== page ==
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MANILA, Philippines - The Philippines criticized on Friday the failure of the Association of Southeast Asian Nations (ASEAN) to issue a joint statement after the annual high-level foreign ministerial meetings in Cambodia, blaming the host country for opposing any mention of the Bajo de Masinloc territorial disputes involving China.
ASEAN’s failure to come up with the joint communiqué following the meetings in the Cambodian capital of Phnom Penh is unprecedented in the 10-member bloc’s 45-year history.
The embarrassing incident brought out into the open days of closed-door infighting among ASEAN member countries on how to deal with the long-raging West Philippine Sea or South China Sea territorial disputes involving four ASEAN members -- the Philippines, Vietnam, Malaysia and Brunei -- along with China and Taiwan.
Foreign Affairs Secretary Albert del Rosario said he raised the Bajo de Masinloc conflict in the ASEAN Foreign Ministers meeting last Monday and had wanted the discussions to be mentioned in the joint communiqué, but Cambodia continuously rejected any mention of the shoal dispute in any of the grouping’s statements.
Bajo de Masinloc, a group of rocky outcrops encircling a lagoon, is also known as Scarborough Shoal, which is located off northwestern Philippines and well within its territory but is being claimed by China.
Cambodia, a known Chinese ally, is holding this year the rotating chairmanship of the ASEAN, which also includes Indonesia, Laos, Myanmar, Singapore, and Thailand.
“The Chair has consistently opposed any mention of the Scarborough Shoal at all in the Joint Communiqué and today announced that a Joint Communiqué ‘cannot be issued,’” Del Rosario told a press conference in Manila.
The Joint Communique, which contains the group’s advocacies and plans, is traditionally issued at the end of the ASEAN’s annual summits.
Del Rosario emphasized that since the conflicting claims in the West Philippine Sea, also referred to as South China Sea, involve four of ASEAN’s members, “this dispute is not a mere bilateral conflict with a northern neighbor but a multilateral one and should therefore be resolved in a multilateral manner.”
After flying back to Manila, Del Rosario repeated in the news conference the Philippine government’s firm position, but added he does not see the differences would lead to a “break up” of ASEAN.
“I don’t think we should even think that this is the beginning of the tear in the organization,” he said. “I think it just presents a bigger challenge for us to continue to build on what we stand for – leadership, centrality and solidarity.”
Despite the disagreement in Cambodia, Del Rosario said progress was made when ASEAN senior diplomats finalized key elements that they want to see in a proposed “code of conduct” aimed at preventing the territorial disputes with China from degenerating into armed confrontation.
He believes the friction within ASEAN will not hamper the organization’s negotiations with China for a binding code of conduct in the West Philippine Sea.
“I don’t think that has an adverse effect. I think all of us are looking forward to discussion on those fundamental elements and we’re looking forward to an early beginning of those consultations,” he said.
With the approval of the major elements, ASEAN would now have to negotiate with China to finalize what is hoped to be a legally binding non-aggression agreement on the West Philippine Sea.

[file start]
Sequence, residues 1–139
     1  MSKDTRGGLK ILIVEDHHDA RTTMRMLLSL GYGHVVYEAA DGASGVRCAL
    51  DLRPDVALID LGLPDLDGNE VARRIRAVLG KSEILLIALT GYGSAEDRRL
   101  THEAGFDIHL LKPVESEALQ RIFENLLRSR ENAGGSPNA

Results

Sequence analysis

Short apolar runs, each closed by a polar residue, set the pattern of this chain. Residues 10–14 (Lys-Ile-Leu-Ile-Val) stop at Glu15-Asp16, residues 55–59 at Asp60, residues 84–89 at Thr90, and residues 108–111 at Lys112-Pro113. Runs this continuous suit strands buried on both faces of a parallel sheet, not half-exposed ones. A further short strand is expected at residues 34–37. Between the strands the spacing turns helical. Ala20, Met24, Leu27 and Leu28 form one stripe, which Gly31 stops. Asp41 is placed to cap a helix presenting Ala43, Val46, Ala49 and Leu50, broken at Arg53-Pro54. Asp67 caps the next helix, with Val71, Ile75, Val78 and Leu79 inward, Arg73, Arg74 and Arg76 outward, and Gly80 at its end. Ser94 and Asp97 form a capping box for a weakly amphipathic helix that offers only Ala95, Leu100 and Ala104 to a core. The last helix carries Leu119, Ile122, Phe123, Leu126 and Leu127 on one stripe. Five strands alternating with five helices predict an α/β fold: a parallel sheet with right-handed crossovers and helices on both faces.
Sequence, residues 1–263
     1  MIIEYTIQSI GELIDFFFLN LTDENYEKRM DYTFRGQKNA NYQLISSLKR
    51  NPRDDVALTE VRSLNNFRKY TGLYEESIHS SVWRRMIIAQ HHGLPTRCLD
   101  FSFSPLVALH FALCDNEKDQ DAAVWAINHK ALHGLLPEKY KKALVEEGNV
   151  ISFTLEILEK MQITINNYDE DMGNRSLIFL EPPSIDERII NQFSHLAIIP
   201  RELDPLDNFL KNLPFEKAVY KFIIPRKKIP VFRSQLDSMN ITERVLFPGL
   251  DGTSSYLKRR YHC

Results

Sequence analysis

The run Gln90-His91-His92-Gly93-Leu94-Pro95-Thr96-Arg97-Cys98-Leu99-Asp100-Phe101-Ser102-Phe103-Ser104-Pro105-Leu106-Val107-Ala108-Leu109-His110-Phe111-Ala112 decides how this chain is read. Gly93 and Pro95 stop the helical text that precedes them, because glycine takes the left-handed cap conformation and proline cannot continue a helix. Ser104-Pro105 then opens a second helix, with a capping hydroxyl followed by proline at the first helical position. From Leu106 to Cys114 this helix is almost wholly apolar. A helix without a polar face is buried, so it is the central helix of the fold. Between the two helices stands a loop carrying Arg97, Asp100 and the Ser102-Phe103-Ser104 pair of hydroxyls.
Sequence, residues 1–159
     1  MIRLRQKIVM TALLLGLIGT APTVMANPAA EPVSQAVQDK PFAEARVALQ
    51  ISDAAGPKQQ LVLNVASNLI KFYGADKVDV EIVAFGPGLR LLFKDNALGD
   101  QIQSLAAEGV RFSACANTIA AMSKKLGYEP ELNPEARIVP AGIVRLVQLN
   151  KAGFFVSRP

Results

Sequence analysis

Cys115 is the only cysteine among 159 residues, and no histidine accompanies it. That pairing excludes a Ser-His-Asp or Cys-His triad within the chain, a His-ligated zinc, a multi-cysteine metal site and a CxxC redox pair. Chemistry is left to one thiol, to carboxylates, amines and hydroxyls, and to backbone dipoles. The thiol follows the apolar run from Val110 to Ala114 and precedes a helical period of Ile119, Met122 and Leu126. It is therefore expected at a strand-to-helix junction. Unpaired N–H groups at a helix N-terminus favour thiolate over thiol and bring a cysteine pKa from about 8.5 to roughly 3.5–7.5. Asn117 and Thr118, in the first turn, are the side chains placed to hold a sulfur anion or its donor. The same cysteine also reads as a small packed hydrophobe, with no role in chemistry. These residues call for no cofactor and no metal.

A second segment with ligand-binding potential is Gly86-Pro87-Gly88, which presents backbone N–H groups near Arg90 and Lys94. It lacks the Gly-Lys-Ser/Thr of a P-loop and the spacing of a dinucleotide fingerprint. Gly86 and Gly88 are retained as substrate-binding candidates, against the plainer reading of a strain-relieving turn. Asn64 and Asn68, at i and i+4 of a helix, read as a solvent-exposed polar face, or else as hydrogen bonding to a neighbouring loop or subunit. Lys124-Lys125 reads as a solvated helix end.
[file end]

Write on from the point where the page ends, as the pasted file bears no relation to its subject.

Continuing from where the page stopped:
China claims nearly in its entirety the South China Sea, which is dotted by clusters of islands, cays, shoals and reefs and teem with rich fishing areas. The vast sea is also believed to be rich in oil and gas deposits and is regarded as among the world’s most strategic and busiest waterways.
ASEAN has been criticized for failing to take stronger and rapid steps to ease the territorial conflicts. The Philippines has urged the bloc to speak up after Filipino vessels figured in a dangerous standoff with Chinese ships at the shoal last April 10.
But the dispute at the shoal dragged on for months without ASEAN collectively issuing any statement.
In a special meeting on the draft statement on Monday, Del Rosario said several ASEAN member-states, which he declined to name, and the ASEAN Secretariat supported the Philippines position that the standoff between Manila and Beijing at the shoal “should be reflected in the Joint Communiqué.”
Del Rosario, who led the Philippine delegation in Phnom Penh, told fellow ASEAN ministers “that the current situation in the West Philippine Sea deserves urgent attention from ASEAN because it has direct impact on unimpeded commerce and shipping in the region."
He said the territorial conflicts should be resolved through a United Nations maritime treaty signed by the Philippines, China and 162 other governments for any solution to gain international recognition and respect.
“If Philippine sovereignty and jurisdiction can be denigrated by a powerful country through pressure, duplicity, intimidation, the threat of use of force and economic pressure, the international community should be concerned about the behavior of this member-state which has negative implications to the overall peace and stability and freedom of navigation in the West Philippine Sea,” Del Rosario said, referring to China.
If left unchecked, Del Rosario warned the increasing tensions as a result of what he called China’s “creeping imposition of its claim” over the entire sea, “could further escalate into physical hostilities which no one wants.”
“This puts in greater jeopardy the remarkable economic dynamism of our region which was made possible by the relative peace and stability that prevailed in the past years,” Del Rosario said.